Cost estimate and design went ahead without key site investigation
Failure to include to obtain and include further ground investigation data during the finalisation of design for a key cross-border boundary crossing project contributed partly to an increase in tender prices as contractors decided to hedge against the risk by allowing for more temporary works.
According to a paper on top-up funding application issued last week to the Legislative Council’s Panel on Development, the discovery of worse than expected ground conditions meant that HK$698.6 million has to be added to the estimated cost of the Liantang/Heung Yuen Wai Boundary Control Point project.
The bureau said further site investigation in late 2011 was hampered by access problems and adverse weather.
However the project estimate was compiled in early 2012 regardless, on a design of the tunnel based on ground information and site investigation results already available at the time.
“Hence, part of the results of the further site investigation could not be timely incorporated in the tunnel design and the additional cost in tunnelling works due to poor ground condition was not reflected in the cost estimate prepared for the funding application of [the project] in early 2012,” the bureau said.
Had the results of the further site investigation been available then the Civil Engineering and Development Department, which is managing the project, would have found a number of faults found along 1.4 kilometres of tunnel.
This meant more extensive temporary works were necessary such as grouting, shotcreting, temporary supporting structures and strengthening works of the permanent lining along this tunnel section.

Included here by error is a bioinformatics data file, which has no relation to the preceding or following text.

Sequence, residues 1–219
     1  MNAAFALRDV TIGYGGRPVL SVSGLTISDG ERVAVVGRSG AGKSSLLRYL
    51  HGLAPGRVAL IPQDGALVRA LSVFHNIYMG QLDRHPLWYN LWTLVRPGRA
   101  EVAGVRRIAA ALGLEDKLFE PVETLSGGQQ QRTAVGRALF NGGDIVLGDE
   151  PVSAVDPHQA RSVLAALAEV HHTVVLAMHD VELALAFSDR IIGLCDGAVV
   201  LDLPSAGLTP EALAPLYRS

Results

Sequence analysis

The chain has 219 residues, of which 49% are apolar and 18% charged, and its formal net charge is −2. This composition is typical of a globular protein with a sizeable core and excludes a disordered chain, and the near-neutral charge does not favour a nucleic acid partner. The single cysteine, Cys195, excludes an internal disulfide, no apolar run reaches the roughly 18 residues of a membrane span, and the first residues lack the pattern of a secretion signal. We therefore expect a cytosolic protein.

For example, up to 20 percent more rock bolts and rock anchors were necessary to withstand the ground conditions in the fault zones.
In addition, there was a longer stretch of mixed ground along the route of the tunnel to be excavated by tunnel boring machine (TBM), some 700 metres as opposed the previous estimate of 300 metres.
“This would lead to a higher construction cost due to a slower rate of construction, higher construction risk, more wear and tear problem associated with the operation of TBM and the need of more grouting work when working in the more difficult ground condition,” the bureau said.
The bureau’s request for further funds comes just one and half years after the government obtained funding for main construction of the project.
In July 2012, the Finance Committee approved HK$16.3 billion at money-of-the-day prices for the project, the major parts of which include site formation of 23 hectares of land, a 4.3 kilometre viaduct and 5.7 kilometres of tunnel.
Legislators on the Panel on Development will today review the government’s application to increase the approved project estimate by HK$8.55 billion or 52 percent to HK$24.8 billion.
The bureau’s paper advised that despite cost saving measures, tender prices from contractors were still higher than government estimates.
“According to our analysis, the high tender prices are due to the recent surge in construction prices in heavy civil engineering works and E&M works, the poor ground condition for tunnelling works and tenderer’s perception on the higher risks associated with construction constraints,” the bureau said.
Increased demand for workers, heavy lifting plant and work requiring specialist subcontractors meant that the heavy civil engineering work plus E&M works accounted for 46.5 percent or HK$3.97 billion of the HK$8.55 billion increase.
The bureau noted the prices for heavy plant increased sharply from mid-2012 onwards.